Dong-Yeon (D-Y) Lee, Fan Yang, Alana Wilson, Eric Wood

Research output: NRELPresentation


EVI-Equity (Electric Vehicle Infrastructure for Equity) is a $200k project, started around in June of 2021, with a funding from the Vehicle Technologies Office (VTO). The motivation was to create a new analytical capability that can enable us to quantify and investigate equitable access to and distribution of existing and future deployment of PEVs and EVSEs in neighborhoods, cities, states, and the nation. EVI-Equity is a bottom-up equity-focused analysis model, built upon individual (synthetic) households, aggregated by census block groups. It consists of four core components - community engagement, environmental profiling, household expenditures, and network design. Although there are some commonalities, EVI-Equity is not a vehicle choice model, charging simulation model, or transportation demand model. EVI-Equity is rather a cross-cutting analysis tool, dedicated for evaluating equitable EV adoption and EVSE deployment, encompassing and bridging a wide variety of related tools, models, and frameworks. Some of the results indicate the importance of used vehicle market for low-income households. The presentation also highlights similarities and variations as to preferred public charging locations. For example, regardless of household income, retail spots are the most preferred location for public charging, followed by curbside/street. However, the results also imply that the importance of workplace charging may vary with income - the lower the income, the less important. Environmental profiling results, with an example of ground-level ozone in Atlanta area, show that the contrast between the haves and the have nots of plug-in electric vehicles depends on location. The assessment of household expenditures illustrates the economic impact of home charging access on an individual household level - the lower the income, the greater the impact is. Lastly, Denver metro area and the state of South Dakota are used to showcase the impact of different network design of charging infrastructure, as well as alternative (vs. baseline/existing) electric vehicle adoption pattern.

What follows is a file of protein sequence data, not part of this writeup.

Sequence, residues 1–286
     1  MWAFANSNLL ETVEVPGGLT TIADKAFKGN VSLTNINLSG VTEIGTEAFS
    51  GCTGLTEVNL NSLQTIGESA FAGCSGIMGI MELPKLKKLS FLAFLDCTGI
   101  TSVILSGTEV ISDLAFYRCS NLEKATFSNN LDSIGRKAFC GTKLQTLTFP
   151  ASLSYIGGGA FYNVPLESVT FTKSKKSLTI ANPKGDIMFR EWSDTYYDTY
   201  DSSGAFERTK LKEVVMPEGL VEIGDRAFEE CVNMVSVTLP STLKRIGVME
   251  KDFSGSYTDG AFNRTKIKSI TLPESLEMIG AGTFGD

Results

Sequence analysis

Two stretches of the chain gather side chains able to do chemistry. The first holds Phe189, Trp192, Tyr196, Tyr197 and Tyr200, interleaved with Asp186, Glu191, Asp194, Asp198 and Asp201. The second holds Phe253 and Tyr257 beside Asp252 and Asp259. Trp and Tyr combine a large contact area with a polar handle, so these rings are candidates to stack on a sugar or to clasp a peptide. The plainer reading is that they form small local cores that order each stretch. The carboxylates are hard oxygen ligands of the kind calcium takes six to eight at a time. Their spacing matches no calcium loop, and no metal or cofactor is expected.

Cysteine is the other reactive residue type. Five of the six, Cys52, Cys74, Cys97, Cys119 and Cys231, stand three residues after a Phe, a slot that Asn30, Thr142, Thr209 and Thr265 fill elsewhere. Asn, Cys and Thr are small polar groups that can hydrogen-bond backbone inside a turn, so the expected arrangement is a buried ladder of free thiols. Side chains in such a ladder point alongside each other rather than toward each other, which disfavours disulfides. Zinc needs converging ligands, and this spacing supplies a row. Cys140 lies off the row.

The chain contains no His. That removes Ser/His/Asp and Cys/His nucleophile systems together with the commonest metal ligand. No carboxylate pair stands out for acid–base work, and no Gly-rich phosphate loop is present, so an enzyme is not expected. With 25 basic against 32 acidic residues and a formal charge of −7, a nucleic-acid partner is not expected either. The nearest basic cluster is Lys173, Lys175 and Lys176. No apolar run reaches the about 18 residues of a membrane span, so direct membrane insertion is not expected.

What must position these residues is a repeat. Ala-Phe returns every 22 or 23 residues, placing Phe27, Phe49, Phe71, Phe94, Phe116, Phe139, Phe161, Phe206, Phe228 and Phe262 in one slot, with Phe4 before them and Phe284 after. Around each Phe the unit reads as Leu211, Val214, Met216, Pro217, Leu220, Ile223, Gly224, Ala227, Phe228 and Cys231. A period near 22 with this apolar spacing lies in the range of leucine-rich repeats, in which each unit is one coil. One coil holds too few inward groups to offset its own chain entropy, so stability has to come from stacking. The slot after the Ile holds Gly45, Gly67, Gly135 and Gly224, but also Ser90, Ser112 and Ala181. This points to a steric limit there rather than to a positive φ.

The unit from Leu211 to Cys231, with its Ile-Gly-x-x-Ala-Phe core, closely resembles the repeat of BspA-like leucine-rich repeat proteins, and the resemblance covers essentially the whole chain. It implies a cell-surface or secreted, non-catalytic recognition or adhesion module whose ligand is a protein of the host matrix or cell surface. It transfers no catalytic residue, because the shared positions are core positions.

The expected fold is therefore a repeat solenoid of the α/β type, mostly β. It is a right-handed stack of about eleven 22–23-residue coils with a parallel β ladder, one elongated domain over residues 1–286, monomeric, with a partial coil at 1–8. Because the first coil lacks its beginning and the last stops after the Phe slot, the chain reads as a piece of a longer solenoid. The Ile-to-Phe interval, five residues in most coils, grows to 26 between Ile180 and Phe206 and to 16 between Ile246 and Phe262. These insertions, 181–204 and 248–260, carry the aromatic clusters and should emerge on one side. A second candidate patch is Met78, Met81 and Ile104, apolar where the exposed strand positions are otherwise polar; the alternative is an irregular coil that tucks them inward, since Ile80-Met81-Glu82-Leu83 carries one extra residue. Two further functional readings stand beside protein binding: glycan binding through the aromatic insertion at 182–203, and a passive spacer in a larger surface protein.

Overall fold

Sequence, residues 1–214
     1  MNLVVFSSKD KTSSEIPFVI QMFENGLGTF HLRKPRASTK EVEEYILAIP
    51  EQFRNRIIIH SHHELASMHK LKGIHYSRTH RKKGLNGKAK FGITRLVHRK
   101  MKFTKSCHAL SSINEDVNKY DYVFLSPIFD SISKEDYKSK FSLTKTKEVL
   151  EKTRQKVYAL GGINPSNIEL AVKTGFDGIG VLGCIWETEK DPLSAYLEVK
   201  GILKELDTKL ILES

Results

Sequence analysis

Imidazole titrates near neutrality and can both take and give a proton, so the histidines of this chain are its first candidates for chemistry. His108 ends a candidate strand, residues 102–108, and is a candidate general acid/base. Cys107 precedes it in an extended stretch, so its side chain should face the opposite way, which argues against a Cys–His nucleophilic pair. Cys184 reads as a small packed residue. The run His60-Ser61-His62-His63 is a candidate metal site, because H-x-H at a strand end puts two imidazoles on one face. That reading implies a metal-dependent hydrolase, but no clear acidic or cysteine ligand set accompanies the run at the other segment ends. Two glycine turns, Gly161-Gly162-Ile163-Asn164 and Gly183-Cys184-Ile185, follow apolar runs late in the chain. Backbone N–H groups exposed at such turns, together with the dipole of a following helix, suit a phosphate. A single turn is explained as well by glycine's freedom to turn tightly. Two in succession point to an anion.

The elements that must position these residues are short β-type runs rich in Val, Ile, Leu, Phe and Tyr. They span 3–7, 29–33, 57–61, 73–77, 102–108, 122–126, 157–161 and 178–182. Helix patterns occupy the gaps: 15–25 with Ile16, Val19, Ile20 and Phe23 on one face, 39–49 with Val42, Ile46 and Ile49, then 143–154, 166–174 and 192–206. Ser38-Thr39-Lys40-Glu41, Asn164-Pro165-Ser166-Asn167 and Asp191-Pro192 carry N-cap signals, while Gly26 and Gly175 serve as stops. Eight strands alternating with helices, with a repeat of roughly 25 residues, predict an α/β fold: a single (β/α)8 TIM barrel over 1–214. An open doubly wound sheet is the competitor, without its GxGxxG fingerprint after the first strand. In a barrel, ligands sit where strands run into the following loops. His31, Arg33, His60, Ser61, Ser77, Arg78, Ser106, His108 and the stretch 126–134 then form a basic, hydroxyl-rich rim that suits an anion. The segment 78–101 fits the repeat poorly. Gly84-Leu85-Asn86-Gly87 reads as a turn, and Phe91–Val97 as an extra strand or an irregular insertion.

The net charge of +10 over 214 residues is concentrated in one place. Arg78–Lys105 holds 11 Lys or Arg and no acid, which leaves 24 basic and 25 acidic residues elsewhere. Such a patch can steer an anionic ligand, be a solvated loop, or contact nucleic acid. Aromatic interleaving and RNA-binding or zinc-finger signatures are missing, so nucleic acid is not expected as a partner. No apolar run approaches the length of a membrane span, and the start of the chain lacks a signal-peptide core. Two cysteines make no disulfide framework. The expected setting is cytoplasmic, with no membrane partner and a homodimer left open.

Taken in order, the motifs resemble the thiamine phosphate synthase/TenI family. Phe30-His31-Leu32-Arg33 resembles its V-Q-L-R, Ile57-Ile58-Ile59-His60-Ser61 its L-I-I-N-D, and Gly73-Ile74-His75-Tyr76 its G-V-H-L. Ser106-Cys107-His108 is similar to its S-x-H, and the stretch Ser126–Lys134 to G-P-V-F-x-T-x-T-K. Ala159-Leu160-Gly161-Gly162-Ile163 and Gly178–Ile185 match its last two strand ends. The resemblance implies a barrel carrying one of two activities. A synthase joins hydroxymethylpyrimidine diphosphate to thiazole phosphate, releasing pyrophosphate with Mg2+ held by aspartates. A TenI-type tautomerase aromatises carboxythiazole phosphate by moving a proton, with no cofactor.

Original languageAmerican English
Number of pages19
StatePublished - 2022

Publication series

NamePresented at the 2022 Vehicle Technologies Office Annual Merit Review, 21-23 June 2022, Washington, D.C.

NREL Publication Number

  • NREL/PR-5400-82910


  • charging infrastructure
  • electric vehicle
  • energy justice
  • equity


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